Editors Selection IGR 21-2

Basic Science: Circadian translaminar pressure in awake monkeys

Joel R. Palko

Comment by Joel R. Palko on:

86280 Diurnal Cycle of Translaminar Pressure in Nonhuman Primates Quantified With Continuous Wireless Telemetry, Jasien JV; Samuels BC; Johnston JM et al., Investigative Ophthalmology and Visual Science, 2020; 61: 37

See also comment(s) by Ningli Wang & Diya Yang

Find related abstracts

Biomechanical insults to the optic nerve head are thought to contribute to the development and progression of glaucoma. Significant attention has been placed on understanding the IOP-induced deformations within the lamina cribrosa and peripapillary sclera. However, the forces from IOP alone insufficiently characterize the mechanical environment of the lamina cribrosa. Ex vivo and in vivo studies have shown that the acute mechanical strains and pore diameters of the lamina cribrosa are influenced by the interaction between IOP and cerebrospinal fluid pressure (CSFP), or the translaminar pressure (TLP = IOP - CSFP). Increasing clinical evidence also suggests that a lower CSFP, measured via lumbar puncture, increases the risk of primary open-angle and normal-tension glaucoma. Understanding the mechanistic role TLP plays in glaucomatous optic neuropathy requires methods for long-term, continuous and accurate measurement of its constituent pressures in vivo.

Jasien, Downs and colleagues have leveraged their previous experience with continuous telemetric IOP monitoring to engineer and validate an implantable telemetry system capable of simultaneous measurement of IOP, intracranial pressure (ICP as a surrogate for CSFP) and arterial blood pressure. Their approach utilized piezoelectric transducers to continuously capture 15 seconds of pressure data every 150 seconds at 200 Hz to measure the diurnal TLP cycle in four young adult nonhuman primates (NHPs) over relatively long intervals (22 to 281 days). Results show that their NHPs had a 4.2 mm Hg (56%) mean increase in TLP during waking hours compared to sleeping hours and that this increase was largely dictated by a highly consistent decrease in ICP during waking hours. The greater nocturnal ICP seen in NHPs, despite sleeping upright, matches the ICP increase seen in humans when supine during sleeping hours, providing important evidence of the fidelity of their model for future studies investigating the role TLP has in glaucoma pathogenesis. Specifically, the capability of their system to measure these pressures over clinically relevant time intervals has the potential to help unravel the complexities between the TLP gradient (TLP/laminar thickness), laminar remodeling, and glaucoma susceptibility.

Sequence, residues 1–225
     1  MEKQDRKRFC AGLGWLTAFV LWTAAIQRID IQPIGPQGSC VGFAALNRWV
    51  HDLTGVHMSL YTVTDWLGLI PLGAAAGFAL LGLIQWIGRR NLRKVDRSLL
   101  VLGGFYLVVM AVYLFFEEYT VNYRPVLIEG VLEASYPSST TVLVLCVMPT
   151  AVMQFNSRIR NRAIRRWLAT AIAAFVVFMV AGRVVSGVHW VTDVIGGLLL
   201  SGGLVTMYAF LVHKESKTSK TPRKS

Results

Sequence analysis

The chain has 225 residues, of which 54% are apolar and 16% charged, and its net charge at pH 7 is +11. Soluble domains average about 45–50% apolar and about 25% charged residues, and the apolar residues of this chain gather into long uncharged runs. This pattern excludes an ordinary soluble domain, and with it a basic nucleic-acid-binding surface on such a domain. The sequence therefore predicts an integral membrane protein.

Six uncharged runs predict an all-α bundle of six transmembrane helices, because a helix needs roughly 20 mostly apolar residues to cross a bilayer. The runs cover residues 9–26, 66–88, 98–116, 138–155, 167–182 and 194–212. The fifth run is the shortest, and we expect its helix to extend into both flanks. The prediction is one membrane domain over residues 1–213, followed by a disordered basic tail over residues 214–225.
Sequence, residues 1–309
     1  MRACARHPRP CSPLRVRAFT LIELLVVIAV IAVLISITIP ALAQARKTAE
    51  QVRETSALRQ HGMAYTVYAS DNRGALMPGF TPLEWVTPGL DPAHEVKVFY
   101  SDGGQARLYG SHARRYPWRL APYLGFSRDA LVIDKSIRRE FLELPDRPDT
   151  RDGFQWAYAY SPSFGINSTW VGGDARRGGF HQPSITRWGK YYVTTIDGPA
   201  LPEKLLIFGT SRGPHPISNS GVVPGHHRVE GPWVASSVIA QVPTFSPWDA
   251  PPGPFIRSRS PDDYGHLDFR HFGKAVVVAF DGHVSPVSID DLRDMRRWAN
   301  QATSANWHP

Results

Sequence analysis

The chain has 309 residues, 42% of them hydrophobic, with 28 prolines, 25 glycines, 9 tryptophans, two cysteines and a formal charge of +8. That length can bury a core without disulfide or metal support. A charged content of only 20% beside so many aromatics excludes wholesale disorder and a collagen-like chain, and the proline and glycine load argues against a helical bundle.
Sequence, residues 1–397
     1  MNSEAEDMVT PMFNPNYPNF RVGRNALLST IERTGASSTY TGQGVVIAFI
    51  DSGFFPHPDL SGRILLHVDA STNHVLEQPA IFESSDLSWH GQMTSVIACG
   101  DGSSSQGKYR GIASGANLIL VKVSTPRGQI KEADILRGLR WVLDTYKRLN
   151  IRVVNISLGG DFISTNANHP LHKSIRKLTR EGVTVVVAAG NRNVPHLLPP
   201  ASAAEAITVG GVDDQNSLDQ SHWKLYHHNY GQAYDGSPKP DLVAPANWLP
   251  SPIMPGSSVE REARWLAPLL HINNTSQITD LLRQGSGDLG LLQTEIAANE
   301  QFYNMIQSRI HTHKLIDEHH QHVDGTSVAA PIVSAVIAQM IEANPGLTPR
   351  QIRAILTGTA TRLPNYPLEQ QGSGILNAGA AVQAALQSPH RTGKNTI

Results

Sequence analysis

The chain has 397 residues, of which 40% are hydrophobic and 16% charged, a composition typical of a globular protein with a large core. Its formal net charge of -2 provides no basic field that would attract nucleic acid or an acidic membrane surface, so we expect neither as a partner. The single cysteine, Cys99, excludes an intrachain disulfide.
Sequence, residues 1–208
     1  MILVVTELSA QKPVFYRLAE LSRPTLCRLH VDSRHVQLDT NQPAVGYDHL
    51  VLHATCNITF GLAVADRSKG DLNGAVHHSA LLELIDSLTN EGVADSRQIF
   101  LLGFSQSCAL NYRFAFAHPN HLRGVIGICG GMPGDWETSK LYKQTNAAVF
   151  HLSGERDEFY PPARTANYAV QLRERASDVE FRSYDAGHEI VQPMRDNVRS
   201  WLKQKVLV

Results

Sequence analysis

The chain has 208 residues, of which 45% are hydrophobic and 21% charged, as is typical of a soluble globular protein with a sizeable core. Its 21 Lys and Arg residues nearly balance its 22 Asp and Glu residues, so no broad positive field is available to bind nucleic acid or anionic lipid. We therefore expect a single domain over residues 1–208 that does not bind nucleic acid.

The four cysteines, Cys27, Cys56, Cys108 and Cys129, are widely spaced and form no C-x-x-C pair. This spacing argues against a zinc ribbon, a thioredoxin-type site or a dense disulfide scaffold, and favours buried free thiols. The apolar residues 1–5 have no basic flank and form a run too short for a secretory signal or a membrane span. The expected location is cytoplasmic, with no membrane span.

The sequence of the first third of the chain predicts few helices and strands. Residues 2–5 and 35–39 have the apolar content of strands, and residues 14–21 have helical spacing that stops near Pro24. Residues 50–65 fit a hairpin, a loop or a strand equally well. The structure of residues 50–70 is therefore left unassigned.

The greater nocturnal ICP seen in NHPs, despite sleeping upright, matches the ICP increase seen in humans when supine during sleeping hours

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